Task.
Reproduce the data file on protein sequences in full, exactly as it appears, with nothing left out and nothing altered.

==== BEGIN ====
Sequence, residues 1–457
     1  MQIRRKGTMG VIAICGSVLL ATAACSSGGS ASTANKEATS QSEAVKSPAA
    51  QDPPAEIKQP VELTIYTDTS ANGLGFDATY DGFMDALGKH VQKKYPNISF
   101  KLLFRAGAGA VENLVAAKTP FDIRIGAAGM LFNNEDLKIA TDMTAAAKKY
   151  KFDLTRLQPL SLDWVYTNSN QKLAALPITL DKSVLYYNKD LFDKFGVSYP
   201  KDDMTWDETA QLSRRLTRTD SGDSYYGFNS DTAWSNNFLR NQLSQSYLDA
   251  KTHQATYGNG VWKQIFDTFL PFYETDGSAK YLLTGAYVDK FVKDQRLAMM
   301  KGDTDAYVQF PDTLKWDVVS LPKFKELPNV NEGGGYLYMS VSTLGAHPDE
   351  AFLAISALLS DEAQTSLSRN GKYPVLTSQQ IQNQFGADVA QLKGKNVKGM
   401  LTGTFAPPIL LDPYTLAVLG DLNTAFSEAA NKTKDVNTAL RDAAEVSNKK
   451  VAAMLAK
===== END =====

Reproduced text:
Sequence, residues 1–457
     1  MQIRRKGTMG VIAICGSVLL ATAACSSGGS ASTANKEATS QSEAVKSPAA
    51  QDPPAEIKQP VELTIYTDTS ANGLGFDATY DGFMDALGKH VQKKYPNISF
   101  KLLFRAGAGA VENLVAAKTP FDIRIGAAGM LFNNEDLKIA TDMTAAAKKY
   151  KFDLTRLQPL SLDWVYTNSN QKLAALPITL DKSVLYYNKD LFDKFGVSYP
   201  KDDMTWDETA QLSRRLTRTD SGDSYYGFNS DTAWSNNFLR NQLSQSYLDA
   251  KTHQATYGNG VWKQIFDTFL PFYETDGSAK YLLTGAYVDK FVKDQRLAMM
   301  KGDTDAYVQF PDTLKWDVVS LPKFKELPNV NEGGGYLYMS VSTLGAHPDE
   351  AFLAISALLS DEAQTSLSRN GKYPVLTSQQ IQNQFGADVA QLKGKNVKGM
   401  LTGTFAPPIL LDPYTLAVLG DLNTAFSEAA NKTKDVNTAL RDAAEVSNKK
   451  VAAMLAK